• For additional information on the project 

    Challenge: In 2003, it was estimated that more than 350 million gallons of leftover paint were generated each year in the U.S. At that time, leftover paint was the largest volume material collected by most household hazardous waste (HHW) collection programs and represented a high cost for state and local governments to manage. State and local agencies have turned to product manufacturers, retailers, and other potential partners to become part of the solution by practicing product stewardship. Product stewardship is a principle that directs all participants involved in the product lifecycle to share responsibility for reducing the human health and environmental impacts of a product.

    Opportunity: To develop leftover paint management solutions that are both financially and environmentally sustainable.

    Approach: U.S. EPA Region 9, in partnership with the Product Stewardship Institute (PSI), facilitated a national paint stewardship dialogue, reaching agreement among government officials, manufacturers, retailers, painting contractors, and other participants on how to reduce paint waste; efficiently collect, reuse, and recycle leftover paint; increase markets for recycled paint (including non-paint products); and develop a sustainable financing system to cover any resulting end-of-life management costs for past and future products.

    Project Updates: More than 55 dialogue participants—comprised of manufacturers, contractors, recyclers, retailers, local and state governments, EPA, and industry associations—participated in the national dialogue aimed at reducing the generation of leftover paint, while increasing reuse and recycling opportunities. Forty of these participants were interviewed and from the interviews, two documents were developed: a background technical document—reported by many participants to be the best single source of information related to leftover paint—and a Paint Product Stewardship Action Plan, which guided the dialogue phase of the project. The pilot-facilitated national dialogue also resulted in the first Paint MOU, which was signed or endorsed by over 60 participants including EPA, state and local agencies, paint manufacturers, retailers, and recyclers.

    In July 2009, the Governor of Oregon signed the Oregon Paint Stewardship Program into law, which requires paint manufacturers to collect, transport and safely manage leftover latex and oil-based paint in an environmentally sound and cost-effective manner. This was the first time paint producer responsibility legislation was passed at the state level in the U.S. Oregon’s paint stewardship law, which will be in effect on July 1, 2010, is expected to save local governments approximately $6 million in either direct costs or additional paint management services. Funding for the program will be generated from a recovery fee applied to the purchase price of each unit of paint sold in Oregon. PaintCare, a nonprofit organization and project partner, will set up and run the statewide program enabling many residents in Oregon who currently do not have access to a program to more easily return, reuse and recycle left-over paint.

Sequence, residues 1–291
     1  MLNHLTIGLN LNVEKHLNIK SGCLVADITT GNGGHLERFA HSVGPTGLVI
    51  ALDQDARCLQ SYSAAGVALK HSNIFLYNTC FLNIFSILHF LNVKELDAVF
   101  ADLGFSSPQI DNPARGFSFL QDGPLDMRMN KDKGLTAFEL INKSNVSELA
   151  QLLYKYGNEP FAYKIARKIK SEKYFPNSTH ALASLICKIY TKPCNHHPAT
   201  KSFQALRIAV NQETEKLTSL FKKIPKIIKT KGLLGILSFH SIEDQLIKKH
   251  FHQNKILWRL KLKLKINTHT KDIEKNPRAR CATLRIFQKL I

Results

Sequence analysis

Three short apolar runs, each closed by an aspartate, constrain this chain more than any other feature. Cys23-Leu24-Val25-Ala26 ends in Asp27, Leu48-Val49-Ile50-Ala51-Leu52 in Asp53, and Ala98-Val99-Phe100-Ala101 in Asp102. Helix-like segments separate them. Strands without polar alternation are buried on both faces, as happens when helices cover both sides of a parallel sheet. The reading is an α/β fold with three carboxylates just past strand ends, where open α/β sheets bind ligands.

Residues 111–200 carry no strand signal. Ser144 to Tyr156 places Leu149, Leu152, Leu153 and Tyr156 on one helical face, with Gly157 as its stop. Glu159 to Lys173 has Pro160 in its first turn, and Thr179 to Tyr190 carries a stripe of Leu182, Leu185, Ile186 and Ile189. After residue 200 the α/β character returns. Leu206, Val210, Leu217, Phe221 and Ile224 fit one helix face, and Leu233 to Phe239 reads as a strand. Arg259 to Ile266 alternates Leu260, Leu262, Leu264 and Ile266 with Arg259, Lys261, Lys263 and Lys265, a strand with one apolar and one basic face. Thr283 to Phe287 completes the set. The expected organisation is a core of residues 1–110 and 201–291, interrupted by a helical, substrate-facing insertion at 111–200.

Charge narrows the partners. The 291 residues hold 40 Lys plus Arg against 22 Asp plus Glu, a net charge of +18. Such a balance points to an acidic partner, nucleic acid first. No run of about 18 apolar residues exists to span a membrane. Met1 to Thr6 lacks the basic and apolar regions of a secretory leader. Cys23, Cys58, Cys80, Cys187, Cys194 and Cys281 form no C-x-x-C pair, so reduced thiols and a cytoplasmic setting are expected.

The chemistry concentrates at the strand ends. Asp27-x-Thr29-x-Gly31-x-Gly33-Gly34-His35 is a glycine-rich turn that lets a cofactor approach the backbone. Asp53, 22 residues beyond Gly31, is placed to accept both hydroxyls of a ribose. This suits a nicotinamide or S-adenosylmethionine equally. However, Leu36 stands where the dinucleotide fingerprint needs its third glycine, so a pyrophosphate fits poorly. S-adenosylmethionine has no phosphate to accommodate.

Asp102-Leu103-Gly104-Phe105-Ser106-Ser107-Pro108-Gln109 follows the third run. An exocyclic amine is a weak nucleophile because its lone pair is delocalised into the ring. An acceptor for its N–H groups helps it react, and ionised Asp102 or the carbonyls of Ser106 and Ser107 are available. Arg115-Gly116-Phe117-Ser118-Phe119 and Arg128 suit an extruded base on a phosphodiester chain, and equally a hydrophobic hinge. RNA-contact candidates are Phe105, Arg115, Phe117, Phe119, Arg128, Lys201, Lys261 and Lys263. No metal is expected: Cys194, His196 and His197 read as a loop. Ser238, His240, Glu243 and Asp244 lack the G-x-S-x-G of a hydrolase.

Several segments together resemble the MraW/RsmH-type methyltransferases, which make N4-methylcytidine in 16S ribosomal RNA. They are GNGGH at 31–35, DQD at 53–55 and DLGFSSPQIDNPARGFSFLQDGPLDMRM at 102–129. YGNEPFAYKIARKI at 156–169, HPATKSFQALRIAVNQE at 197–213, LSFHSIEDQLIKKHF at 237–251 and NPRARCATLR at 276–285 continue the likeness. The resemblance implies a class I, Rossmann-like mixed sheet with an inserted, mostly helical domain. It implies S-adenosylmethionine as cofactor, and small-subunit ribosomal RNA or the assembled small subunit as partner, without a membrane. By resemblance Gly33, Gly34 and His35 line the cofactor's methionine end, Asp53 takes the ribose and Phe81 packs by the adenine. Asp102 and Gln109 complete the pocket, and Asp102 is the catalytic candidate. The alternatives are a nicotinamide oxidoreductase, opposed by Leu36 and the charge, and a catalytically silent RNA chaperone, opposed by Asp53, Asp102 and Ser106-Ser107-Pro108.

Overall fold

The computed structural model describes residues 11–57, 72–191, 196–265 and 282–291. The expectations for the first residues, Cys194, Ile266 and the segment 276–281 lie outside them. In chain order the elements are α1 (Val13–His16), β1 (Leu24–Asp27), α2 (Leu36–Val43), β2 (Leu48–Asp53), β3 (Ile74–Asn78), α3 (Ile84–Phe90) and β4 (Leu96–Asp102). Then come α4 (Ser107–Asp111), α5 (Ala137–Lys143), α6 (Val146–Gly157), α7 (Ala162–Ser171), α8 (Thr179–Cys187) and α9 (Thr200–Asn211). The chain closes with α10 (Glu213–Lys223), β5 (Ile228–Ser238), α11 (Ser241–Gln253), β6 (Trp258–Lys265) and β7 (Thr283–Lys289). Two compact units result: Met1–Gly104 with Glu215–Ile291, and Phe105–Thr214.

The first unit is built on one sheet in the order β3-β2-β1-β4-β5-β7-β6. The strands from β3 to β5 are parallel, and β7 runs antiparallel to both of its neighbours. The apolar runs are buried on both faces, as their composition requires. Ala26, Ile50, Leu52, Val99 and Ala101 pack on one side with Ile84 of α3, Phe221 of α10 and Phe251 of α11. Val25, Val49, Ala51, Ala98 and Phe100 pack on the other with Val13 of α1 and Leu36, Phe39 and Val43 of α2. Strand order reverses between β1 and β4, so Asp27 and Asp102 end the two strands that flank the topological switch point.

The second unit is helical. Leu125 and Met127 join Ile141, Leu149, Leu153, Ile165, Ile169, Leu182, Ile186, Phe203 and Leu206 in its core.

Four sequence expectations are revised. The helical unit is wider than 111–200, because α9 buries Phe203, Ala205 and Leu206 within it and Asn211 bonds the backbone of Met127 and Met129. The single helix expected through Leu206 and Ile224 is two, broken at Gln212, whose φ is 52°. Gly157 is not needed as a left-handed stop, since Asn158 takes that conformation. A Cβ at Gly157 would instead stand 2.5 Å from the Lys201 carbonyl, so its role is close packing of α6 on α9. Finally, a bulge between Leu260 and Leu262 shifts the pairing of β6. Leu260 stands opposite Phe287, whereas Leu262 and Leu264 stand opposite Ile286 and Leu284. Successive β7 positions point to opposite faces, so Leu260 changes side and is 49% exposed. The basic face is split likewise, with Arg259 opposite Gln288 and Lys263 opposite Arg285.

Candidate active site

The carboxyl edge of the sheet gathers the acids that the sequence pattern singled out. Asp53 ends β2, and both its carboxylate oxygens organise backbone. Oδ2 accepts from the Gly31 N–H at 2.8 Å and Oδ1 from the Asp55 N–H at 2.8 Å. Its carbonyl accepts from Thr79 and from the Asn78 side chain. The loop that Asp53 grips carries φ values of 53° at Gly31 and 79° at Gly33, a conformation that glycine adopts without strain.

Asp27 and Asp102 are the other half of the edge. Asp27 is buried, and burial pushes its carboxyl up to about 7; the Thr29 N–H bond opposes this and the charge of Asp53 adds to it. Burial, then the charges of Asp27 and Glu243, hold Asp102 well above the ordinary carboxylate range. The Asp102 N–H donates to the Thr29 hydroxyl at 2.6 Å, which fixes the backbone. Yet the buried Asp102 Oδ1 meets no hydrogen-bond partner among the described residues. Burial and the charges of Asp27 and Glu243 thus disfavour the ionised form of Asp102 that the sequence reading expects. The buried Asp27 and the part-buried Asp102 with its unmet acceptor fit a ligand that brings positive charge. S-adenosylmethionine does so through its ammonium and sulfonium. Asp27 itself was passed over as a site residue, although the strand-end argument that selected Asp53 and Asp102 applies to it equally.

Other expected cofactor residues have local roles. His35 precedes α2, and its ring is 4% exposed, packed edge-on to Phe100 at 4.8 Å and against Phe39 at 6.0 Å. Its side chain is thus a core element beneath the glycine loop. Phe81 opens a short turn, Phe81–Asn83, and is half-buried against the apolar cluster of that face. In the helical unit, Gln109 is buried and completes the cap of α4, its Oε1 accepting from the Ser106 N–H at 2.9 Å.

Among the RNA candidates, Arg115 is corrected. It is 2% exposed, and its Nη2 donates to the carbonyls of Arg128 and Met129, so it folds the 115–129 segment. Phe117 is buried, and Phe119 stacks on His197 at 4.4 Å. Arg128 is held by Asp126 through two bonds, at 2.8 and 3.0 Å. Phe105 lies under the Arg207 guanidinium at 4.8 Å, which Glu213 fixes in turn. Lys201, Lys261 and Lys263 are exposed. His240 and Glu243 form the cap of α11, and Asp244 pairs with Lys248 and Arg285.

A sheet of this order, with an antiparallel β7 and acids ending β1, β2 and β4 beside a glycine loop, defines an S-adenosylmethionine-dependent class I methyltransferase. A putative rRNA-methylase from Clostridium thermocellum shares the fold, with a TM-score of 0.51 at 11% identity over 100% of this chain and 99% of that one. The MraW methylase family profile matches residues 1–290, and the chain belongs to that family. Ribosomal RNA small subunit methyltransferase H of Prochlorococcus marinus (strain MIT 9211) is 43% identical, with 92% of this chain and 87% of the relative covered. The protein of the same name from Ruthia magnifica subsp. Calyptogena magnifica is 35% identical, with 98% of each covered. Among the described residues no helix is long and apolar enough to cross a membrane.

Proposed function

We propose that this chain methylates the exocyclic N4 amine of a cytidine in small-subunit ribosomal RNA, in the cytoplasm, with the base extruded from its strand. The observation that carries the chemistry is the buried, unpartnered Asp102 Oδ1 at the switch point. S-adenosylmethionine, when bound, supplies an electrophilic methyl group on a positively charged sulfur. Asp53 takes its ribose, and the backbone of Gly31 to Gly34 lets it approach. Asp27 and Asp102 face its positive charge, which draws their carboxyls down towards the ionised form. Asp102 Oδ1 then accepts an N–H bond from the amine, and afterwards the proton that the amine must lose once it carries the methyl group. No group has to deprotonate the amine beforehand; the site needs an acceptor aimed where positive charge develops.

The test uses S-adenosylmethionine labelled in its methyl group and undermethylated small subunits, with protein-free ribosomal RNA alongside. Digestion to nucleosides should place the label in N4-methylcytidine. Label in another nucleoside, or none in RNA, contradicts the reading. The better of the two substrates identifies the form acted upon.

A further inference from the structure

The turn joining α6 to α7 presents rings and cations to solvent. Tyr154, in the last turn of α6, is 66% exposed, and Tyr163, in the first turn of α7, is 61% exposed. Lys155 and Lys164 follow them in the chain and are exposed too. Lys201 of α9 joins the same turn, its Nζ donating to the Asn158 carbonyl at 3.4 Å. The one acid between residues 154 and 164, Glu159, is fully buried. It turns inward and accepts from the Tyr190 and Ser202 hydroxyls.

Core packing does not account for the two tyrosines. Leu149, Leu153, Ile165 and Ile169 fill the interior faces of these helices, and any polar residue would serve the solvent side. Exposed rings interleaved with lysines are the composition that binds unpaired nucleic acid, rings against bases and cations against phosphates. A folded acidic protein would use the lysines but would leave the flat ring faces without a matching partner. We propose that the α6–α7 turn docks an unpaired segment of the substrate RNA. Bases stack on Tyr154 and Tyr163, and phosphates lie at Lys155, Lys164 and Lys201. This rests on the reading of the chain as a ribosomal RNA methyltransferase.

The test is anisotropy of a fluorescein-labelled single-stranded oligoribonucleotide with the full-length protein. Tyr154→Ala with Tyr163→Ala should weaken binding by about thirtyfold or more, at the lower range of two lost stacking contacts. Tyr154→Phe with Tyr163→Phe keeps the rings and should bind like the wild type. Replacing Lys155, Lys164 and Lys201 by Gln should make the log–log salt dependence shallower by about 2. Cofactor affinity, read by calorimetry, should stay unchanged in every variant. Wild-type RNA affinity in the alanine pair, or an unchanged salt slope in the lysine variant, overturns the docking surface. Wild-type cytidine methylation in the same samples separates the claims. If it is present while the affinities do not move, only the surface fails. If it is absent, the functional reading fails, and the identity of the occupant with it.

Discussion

Following the completion of the demonstration program in Oregon and a detailed evaluation, the system will be rolled out to a number of additional states (e.g., Connecticut, Vermont, California, Florida, Iowa, Minnesota, North Carolina, and Washington) over the next few years, with the ultimate goal of national implementation.

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Sustainable Transit Leadership

Sponsor: EPA Region 9 Fiscal Year: 2002

Using experience from greening the Bay Area Rapid Transit (BART), one of the largest light rail transit agencies in the United States, created green building and greenhouse gas reduction sustainability practices for transit stations and facilities to help reduce waste, conserve energy, reduce criteria pollutants, develop public recycling areas, incorporate recycled-content building materials, and expand public transit ridership. These practices are now used by transit agencies across the country.

  • Additional information on the project